``For the sake of drama, cop, lawyer, and detective shows overdraw characters to give us the extremes of character and neglect the middle ground in which most of us live,'' he says. ``Talk shows such as [the now-cancelled] Morton Downey Jr.'s are well-known for playing off two extremes of opinion. TV news does this with issues of rich vs. poor, communism vs. capitalism, abortion, and all the rest. It tends to polarize people out of all proportion to the real issues at hand.''

Other media are susceptible to the same shortcomings, he adds, but the problems are exacerbated on TV because of higher pressure to see comparisons visually and a pressure for ratings. So a built-in danger for TV is hyperbole, overstating a case visually. ``TV has a filter that enhances conflict.''

Stonehill gives other tips on visual literacy: Be alert to the subtle flattery of eye contact by someone who is really reading through a teleprompter; be aware of unfair conclusions about politicians based on dress that may or may not play well under television lighting; be aware of one-window views of such countries as Northern Ireland, where most media stories are about a single conflict.

Stonehill also lets his classes know the strengths of TV. ``Television is unequaled in taking viewers to far places to show them what is going on, to show them cultures of other countries.'' says Stonehill, or the Earth as seen from the moon. He says C-Span telecasts from the floor of Congress ``show Americans the democratic process they couldn't understand any other way.'' It's a perfect window into such issues as global environment, depicting devastation of rain forests or beaches, he says.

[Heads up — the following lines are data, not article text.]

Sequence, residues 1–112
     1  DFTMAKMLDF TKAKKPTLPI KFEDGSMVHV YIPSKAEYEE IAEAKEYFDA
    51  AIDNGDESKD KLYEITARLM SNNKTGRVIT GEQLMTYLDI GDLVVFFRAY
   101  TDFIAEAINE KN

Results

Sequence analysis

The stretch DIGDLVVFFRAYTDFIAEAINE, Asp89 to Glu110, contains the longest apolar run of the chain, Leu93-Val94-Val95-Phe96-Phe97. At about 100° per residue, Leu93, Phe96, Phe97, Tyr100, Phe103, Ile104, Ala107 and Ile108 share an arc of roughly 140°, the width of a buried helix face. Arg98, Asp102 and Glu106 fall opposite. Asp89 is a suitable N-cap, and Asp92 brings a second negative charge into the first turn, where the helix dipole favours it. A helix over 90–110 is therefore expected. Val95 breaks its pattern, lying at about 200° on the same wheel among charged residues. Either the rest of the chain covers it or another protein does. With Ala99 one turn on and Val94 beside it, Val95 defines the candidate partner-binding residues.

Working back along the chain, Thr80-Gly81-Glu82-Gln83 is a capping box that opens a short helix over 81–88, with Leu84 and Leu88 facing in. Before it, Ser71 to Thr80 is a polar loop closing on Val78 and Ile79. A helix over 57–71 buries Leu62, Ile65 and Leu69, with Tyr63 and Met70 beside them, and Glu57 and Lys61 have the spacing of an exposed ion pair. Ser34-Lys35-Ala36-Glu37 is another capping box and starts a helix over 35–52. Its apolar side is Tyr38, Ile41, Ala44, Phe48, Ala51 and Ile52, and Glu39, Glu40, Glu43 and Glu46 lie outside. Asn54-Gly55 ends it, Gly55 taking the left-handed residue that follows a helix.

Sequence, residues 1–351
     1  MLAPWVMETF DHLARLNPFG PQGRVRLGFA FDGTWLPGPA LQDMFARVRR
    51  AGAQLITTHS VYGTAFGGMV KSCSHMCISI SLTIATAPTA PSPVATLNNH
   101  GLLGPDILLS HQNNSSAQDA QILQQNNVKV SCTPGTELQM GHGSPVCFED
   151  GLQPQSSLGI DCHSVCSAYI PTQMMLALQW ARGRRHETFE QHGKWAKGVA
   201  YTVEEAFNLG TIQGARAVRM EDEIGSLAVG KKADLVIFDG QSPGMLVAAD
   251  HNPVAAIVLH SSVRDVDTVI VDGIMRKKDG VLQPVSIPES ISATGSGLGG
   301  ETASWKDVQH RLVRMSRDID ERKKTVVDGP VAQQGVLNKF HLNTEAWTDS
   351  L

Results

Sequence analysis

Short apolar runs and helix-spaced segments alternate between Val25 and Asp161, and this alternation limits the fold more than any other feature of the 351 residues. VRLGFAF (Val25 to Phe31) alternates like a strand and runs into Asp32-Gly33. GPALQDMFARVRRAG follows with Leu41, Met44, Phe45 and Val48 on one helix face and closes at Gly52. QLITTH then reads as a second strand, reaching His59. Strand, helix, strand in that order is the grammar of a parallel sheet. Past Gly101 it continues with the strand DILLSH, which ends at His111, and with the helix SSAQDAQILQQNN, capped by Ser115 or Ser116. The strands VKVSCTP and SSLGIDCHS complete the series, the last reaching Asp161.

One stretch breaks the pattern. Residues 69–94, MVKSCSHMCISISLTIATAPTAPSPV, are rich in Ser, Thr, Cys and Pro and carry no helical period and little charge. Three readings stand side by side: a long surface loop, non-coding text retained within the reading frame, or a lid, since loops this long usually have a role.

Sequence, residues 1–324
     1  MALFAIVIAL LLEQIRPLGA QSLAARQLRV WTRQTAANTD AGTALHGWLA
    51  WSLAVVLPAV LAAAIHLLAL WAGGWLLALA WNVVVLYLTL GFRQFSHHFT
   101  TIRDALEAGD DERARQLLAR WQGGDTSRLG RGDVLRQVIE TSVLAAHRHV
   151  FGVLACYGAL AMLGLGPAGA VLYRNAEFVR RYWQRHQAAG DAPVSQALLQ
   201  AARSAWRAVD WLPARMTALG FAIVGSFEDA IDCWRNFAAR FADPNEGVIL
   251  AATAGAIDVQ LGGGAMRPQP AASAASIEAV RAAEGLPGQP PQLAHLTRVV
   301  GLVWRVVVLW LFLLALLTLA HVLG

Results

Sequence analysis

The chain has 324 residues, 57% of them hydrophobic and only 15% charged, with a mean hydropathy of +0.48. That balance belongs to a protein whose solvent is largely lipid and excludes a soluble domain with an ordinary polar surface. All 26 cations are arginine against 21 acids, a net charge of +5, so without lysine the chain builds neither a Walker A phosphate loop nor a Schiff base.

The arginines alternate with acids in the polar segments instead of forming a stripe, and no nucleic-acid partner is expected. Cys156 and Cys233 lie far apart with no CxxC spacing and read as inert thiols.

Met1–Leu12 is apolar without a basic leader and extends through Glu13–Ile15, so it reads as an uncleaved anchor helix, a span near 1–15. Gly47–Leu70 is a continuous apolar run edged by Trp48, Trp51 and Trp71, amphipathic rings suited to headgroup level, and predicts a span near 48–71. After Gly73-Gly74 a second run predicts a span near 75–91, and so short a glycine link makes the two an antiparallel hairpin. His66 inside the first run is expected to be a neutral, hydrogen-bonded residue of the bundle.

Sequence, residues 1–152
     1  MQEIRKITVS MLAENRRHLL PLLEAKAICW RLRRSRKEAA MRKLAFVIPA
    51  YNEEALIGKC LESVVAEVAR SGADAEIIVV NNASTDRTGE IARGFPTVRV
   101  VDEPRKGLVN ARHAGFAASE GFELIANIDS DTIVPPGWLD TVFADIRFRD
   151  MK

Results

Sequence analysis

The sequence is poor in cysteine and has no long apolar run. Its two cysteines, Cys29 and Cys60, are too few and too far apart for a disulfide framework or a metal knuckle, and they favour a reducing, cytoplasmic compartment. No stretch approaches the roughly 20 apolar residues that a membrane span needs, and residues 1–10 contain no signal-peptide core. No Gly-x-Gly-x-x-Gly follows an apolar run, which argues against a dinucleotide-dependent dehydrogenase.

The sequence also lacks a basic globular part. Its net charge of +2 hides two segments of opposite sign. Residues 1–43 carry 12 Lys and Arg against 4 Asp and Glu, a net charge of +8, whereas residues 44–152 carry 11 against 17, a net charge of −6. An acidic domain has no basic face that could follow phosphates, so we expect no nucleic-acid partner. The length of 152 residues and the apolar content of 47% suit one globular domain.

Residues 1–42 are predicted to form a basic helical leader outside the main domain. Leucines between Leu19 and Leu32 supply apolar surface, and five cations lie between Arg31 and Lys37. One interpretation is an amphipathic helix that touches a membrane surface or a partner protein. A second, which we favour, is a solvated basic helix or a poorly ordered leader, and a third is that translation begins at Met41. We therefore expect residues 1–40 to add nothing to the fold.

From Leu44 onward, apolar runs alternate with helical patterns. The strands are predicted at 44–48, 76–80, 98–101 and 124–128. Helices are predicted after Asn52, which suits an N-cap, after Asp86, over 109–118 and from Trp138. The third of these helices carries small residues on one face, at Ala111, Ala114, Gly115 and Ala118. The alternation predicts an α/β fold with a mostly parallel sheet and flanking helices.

Once the good on TV has been identified and sorted out from the bad, Stonehill says his students have two obligations - to ``vote'' for the good both by watching those shows and by writing letters to encourage writers and producers to provide more such shows.

``It's very easy to think that our proper response to television is passive,'' he says. ``But we can't blame anybody but ourselves for the state of the medium. We have to work at it.''

According to Garth Jowett, professor of communications at the University of Houston, ``more English departments should be familiar with the fact that TV, in particular, is now the way that our culture is being disseminated.

IN the second half of his course, Stonehill hands his students video cameras and assigns them projects of visual persuasion, such as making a promotional tape on the merits of Pomona College.

Awareness of visual messages is enhanced by discussion of lighting, use of music to depict mood, shooting angles to depict tone, and editing to provide pacing.

``The idea of analyzing TV for the way it manipulates us is new to most students,'' says student Collin McMahon. ``I've really enjoyed the classical, rhetorical approach of Aristotle - to realize that his ideas of persuasion are timeless.''

``I've begun laughing at certain ads for their obvious fallacies,'' adds senior Michael Lazorchak. ``With the heightened awareness of this course, the shortcomings are obvious. We tend to accept so much benignly.''

Stonehill, who received his PhD in English under Saul Bellow and Wayne Booth at the University of Chicago, has directed and produced educational programs at Pomona and served as a script-development consultant at WGBH-TV in Boston.

``[Stonehill] has the unique perspective of coming at his subject from the world of literature but also with a knowledge of how TV is put together,'' says Deke Simon, president of a local production company who worked with Stonehill at local PBS affiliate KCET-TV.